An overview of attachment theory and the role of the child and family health nurse in supporting early infant-parent attachment

1 Sep 2009

The relationship an infant has with their primary caregiver (in our society, this is usually the mother) has a profound impact on the infant’s future development. It is now well recognised that experiences in the first weeks and months of life help shape the developing brain; the most important of these experiences is the relationship between the infant and their caregiver.

One of the earliest tasks of infancy is for the infant to be able to express and regulate their emotions; they learn to do this with the help of a sensitive and responsive caregiver. The foundation for their future mental health is based on this capacity for emotional regulation. Secure attachment relationships that involve opportunities for play, everyday activities and sharing of emotions, facilitate optimal brain development and stimulate the infant’s curiosity to explore and learn.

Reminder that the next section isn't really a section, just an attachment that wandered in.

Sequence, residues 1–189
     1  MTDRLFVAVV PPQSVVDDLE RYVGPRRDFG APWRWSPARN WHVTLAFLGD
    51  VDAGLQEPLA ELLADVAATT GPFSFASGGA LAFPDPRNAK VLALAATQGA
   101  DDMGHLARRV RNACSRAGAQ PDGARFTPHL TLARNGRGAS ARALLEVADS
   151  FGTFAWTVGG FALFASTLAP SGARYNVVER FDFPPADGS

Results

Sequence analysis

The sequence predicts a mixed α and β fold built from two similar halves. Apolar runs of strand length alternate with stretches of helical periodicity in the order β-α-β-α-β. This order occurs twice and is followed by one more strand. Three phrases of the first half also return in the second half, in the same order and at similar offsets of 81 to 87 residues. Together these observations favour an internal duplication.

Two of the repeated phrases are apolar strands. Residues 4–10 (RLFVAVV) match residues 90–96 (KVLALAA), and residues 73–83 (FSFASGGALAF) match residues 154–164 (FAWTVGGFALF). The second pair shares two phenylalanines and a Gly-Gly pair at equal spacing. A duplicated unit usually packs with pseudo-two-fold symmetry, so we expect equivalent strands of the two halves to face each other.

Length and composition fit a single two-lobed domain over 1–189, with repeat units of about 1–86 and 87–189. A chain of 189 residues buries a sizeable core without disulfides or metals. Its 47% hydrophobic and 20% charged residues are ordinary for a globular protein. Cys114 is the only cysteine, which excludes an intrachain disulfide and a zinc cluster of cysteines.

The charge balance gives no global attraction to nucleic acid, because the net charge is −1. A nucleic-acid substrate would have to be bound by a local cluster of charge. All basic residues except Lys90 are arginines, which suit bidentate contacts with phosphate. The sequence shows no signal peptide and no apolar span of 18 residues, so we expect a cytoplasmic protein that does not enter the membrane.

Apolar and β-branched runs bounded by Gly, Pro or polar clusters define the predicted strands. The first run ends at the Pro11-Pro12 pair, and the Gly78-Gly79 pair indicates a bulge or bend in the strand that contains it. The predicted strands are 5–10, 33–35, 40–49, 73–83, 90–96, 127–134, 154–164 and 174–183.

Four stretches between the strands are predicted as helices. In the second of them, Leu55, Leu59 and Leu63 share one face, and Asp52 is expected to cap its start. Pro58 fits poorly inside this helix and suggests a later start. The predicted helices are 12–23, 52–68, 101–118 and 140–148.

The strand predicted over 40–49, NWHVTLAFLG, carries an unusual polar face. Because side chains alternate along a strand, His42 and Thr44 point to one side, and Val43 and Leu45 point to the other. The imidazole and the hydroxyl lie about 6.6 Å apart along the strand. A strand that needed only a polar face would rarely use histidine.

The earliest family relationships are where infants learn how to interact and relate, and this has implications for their sense of connectedness to others and for future participation in society. 


Child and family health nurses are well positioned to provide information, guidance and encouragement to parents in forming responsive and sensitive relationships with their babies. Research indicates that providing stable, responsive and nurturing relationships (attachment relationships) in the early years of life can prevent or even reverse the damaging effects of early life stress with lifelong benefits for learning, behaviour and health. Essentially, the role of the parent is one of being available, ready to respond when called upon, to encourage, perhaps to assist, but to intervene only when clearly necessary (Bowlby, 1988). 

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